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How Social Media Is Changing the English Language (and Why It Matters to Marketers)

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Technology is changing the way we communicate. From 140-character Twitter limits to an ever-expanding list of text messaging acronyms, technology is clearly having an impact on language and the words we use to relate to one another.

For more than 200 years, Collins Dictionary has been one of the world's most respected dictionaries and a gatekeeper of the English language. Recently, we at Collins opened up CollinsDictionary.com to crowdsourcing, inviting English speakers from around the globe to suggest words they believe should be included in the lexicon.

As a result of our crowdsourcing initiative, we're discovering that social media is playing an important role not only in introducing new terms into the dictionary but also in accelerating the rate at which new terms reach critical mass in the culture. More important, we're learning that social media and crowdsourcing are helping us do a better job in achieving the objectives at the heart of our publishing.

Crowdsourcing the English Language

Staying current with the pace at which the English language is evolving is difficult. Online technology is a driving force in the rapid creation and proliferation of new words. These days, people are just as likely to turn to a dictionary to look up terms they encounter online as they are to search for words they have encountered at school or work.


By crowdsourcing suggestions for new words, Collins Dictionary is able to match the pace of the culture, creating opportunities to record new words as they arise. Because each word suggestion is subject to a rigorous vetting process, crowdsourcing allows us to stay credible and current at the same time.

Many of the suggestions we're seeing are directly related to social media ("tweeps," "cyberstalking," "twitlit") or they have achieved widespread recognition thanks to the social media activities of pop culture influencers ("Tebowing," "photobombing," "YOLO").

But social media also plays a part in encouraging participation by celebrities, bloggers, and the public, making the selection process even more complete by ensuring the widest possible range of entries. Online networking sites such as Facebook, Twitter, LinkedIn, and Google+ fuel discussions around suggested words, increasing the likelihood of the term's inclusion in the dictionary and accelerating the adoption of the word by popular culture.

Why It Matters to Marketers

How social media is transforming the English language offers insights for businesses and marketers. With the right strategy, marketers can use those insights to achieve social media wins in their organizations.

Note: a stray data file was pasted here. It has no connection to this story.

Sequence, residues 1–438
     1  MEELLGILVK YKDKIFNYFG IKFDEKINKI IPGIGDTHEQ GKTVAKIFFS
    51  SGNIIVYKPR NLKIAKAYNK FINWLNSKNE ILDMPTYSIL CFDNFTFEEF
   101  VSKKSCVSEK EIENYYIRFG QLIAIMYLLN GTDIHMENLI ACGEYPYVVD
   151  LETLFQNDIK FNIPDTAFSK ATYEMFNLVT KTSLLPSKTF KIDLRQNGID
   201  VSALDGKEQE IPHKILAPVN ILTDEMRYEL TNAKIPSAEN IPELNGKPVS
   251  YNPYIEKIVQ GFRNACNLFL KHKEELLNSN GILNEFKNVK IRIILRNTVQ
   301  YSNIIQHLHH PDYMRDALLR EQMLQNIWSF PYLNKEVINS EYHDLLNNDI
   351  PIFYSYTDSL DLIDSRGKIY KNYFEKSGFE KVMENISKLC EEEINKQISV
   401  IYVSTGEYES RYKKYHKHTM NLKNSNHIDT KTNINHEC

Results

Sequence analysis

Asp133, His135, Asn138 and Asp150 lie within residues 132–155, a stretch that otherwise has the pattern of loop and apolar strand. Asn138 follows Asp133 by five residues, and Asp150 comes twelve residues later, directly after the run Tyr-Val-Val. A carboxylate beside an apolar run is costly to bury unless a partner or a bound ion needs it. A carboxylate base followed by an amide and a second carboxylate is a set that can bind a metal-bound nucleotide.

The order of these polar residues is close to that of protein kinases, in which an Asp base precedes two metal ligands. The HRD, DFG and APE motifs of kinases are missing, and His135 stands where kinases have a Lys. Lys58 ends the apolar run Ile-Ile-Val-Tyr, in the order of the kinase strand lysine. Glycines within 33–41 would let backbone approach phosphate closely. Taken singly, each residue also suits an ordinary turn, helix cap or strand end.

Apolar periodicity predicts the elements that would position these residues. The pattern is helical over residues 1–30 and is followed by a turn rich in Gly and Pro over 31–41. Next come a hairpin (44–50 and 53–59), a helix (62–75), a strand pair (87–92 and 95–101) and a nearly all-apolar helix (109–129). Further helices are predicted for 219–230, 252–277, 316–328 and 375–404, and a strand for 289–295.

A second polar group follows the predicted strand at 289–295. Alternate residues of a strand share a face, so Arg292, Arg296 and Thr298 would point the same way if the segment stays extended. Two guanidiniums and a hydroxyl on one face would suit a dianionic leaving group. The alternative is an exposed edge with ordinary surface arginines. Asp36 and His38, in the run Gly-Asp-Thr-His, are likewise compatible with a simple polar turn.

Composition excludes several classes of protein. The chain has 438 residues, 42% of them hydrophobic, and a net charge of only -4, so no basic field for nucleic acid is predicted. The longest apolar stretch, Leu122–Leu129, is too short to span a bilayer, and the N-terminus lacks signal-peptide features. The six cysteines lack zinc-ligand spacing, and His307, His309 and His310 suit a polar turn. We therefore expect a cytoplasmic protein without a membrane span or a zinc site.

• Reach. Crowdsourcing has broadened Collins's base, allowing us to capture a much wider range of new word suggestions than would have been possible via traditional channels. Social media and crowdsourcing offer businesses in other industries similar opportunities, allowing them to gather customer feedback, new product recommendations, and other types of input from a broad base of consumers.

    Social media and crowdsourcing also extend the organization's reach and influence and increase the quantity of information that businesses are able to capture from their customers.
  • Speed. At Collins Dictionary, the speed of social media is essential in helping us keep up with the evolution of language. For marketers, social media may present the best option for keeping up with the pace of change in the marketplace. Social media dialogues and monitoring can go a long way toward equipping marketers with the tools they need to compete in today's fast-paced business environment.
  • Engagement. The use of social media as a vehicle for soliciting new word ideas and accelerating the adoption process has engaged a new generation of speakers in the growth and evolution of the English language. With social media skyrocketing in popularity, marketers across a range of fields and industries can devise strategies to achieve comparable levels of engagement using social media for their own purposes.

We expect social media to remain a driving force in the transformation of language and the expansion of our lexicon, dramatically reducing the amount of time it takes for new terms to achieve widespread adoption in the culture. But just as important, we expect social media to be a critical tool in crowdsourcing information back to our organization and other businesses that place a high value on customer engagement.


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Alex Brown is the head of digital at Collins Dictionary.

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Comments

  • by Theresa Letman Wed Sep 12, 2012 via web

    Alex - thanks for sharing a perspective of how you're embracing social media vs. fearing it. You mention the benefits above, but I'm certain the crowdsourcing may have also provided some unexpected opportunities or challenges? I'd love to hear about the challenges, too.

  • by Pete Goodrum Mon Jun 16, 2014 via web

    How Social Media is changing the English Language................a clue is in the title. 'Media' is a plural, which means that this title should be 'How Social Media are changing the English language'................

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